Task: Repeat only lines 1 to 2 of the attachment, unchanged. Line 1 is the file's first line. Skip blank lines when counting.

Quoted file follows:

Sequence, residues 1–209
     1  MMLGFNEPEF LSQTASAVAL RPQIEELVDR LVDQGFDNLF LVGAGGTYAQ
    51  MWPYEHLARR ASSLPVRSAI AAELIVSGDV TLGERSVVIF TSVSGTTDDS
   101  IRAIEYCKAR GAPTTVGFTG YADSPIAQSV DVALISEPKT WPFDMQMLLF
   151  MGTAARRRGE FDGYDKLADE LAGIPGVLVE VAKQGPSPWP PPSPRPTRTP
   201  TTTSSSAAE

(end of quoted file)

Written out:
Sequence, residues 1–209
     1  MMLGFNEPEF LSQTASAVAL RPQIEELVDR LVDQGFDNLF LVGAGGTYAQ